My restored weird vice

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Blog entry by Jimbo817 posted 09-21-2013 01:54 AM 1711 reads 0 times favorited 7 comments Add to Favorites Watch

Hi everyone,
I inherited this vice from my dad, and I’m pretty sure it was used when he got it. So by my recollection it’s probably 60 years old or more. I have to admit that I’ve never seen one like this before, instead of the front half of the vice moving when you turn the handle the rear of the vice moves backwards.

Well, I dug the thing out of storage where it’s been resting for quite a few years and as soon as I went to use it, I found that the vice would not open because it was rusted. I toyed with the idea of buying a new vice but they were way too expensive. So I got out my tools and started dis-assembly. I removed all the rust and then I started to tackle the outside of the vice, which I took some paint remover and a wire wheel to.

After it was all cleaned up, all I had to decide was what color to paint it. So I looked in one of my cabinets and there were several cans of spray paint that were at least a 2 to 3 years old. There was a nice cranberry red and black as well as a can of primer. The end result is what you see in the pictures.

If anybody has ever seen a vice like this let me know.

-- Measure twice and cut once, after you sharpen your pencil!

7 comments so far

View littlecope's profile


3071 posts in 3530 days

#1 posted 09-21-2013 09:02 AM

That’s a new one on me too Jim!
I don’t know whether it has any name on it, but lots of companies used to manufacture vises. This is probably some firms effort at “building a better mousetrap” as it were…
In any event, it’s looking good as new after the TLC you gave it, and it should easily last another 60 years or so, no problem!

-- Mike in Concord, NH---Unpleasant tasks are simply worthy challenges to improve skills.

View JoeinGa's profile


7736 posts in 2035 days

#2 posted 09-21-2013 12:03 PM

I’m thinking maybe why this style didn’t catch on is in looking at the sliding half… That piece slides on rails, and if you were to beat real hard on the square plate (using it as an anvil like so many of us do) over time it would probably deform the sides to where they wouldn’t slide so easily (or at all)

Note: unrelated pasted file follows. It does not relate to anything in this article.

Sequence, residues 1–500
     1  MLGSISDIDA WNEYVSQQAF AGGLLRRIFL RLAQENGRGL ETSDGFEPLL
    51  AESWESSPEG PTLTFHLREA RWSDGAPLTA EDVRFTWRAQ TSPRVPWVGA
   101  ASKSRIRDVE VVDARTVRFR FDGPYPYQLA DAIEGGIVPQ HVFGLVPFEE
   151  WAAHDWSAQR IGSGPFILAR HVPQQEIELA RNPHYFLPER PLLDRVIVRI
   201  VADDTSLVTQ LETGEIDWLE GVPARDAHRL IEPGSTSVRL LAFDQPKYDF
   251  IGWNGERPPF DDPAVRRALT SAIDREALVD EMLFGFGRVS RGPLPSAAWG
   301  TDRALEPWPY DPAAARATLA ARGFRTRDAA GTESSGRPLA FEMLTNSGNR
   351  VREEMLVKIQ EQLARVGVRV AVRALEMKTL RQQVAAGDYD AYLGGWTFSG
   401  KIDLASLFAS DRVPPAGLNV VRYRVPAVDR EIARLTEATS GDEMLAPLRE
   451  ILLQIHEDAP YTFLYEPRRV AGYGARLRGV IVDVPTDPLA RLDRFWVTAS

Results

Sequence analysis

Nice job on the restore though.

-- Perform A Random Act Of Kindness Today ... Pay It Forward

View NormG's profile


6141 posts in 3032 days

#3 posted 09-21-2013 06:23 PM

Interesting vice indeed and wonderful color scheme

-- Norman - I never never make a mistake, I just change the design.

View BigYin's profile


418 posts in 2444 days

#4 posted 09-21-2013 06:42 PM

View WayneC's profile


13754 posts in 4125 days

#5 posted 09-22-2013 02:58 AM

It is pretty cool.

-- We must guard our enthusiasm as we would our life - James Krenov

View Jimbo817's profile


19 posts in 1785 days

#6 posted 09-23-2013 03:48 AM

Thanks for all the input guys!

Joein10asee, you are right on the money, the vice actually does slide on “ways” , however this vice is HEAVY I estimated it at about 50 to 60 pounds. Also, if you look at the one picture you’ll see three shiny objects along the side, these are set screws. Inside the vice and resting on the ways is a separate iron bar that is adjusted by the set screws. This allows adjusting the rear part of the vice to keep it always in contact with the lower part so that when you hit something on the top it transfers the blow through the cast-iron and into the bench.

BigYin, it really doesn’t look like any pipe vice I’ve ever seen. Most pipe vices can spin on their axis to adjust to any angle, also, they have an extension on the bottom with semicircular jaws to grip the pipe. Thanks for the input though I appreciate it.

-- Measure twice and cut once, after you sharpen your pencil!

View Jerry's profile


2656 posts in 1676 days

#7 posted 11-26-2013 05:19 PM

Good looking restoration Jim. I really like the vise.

-- There are good ships and there are wood ships, the ships that sail the sea, but the best ships are friendships and may they always be.

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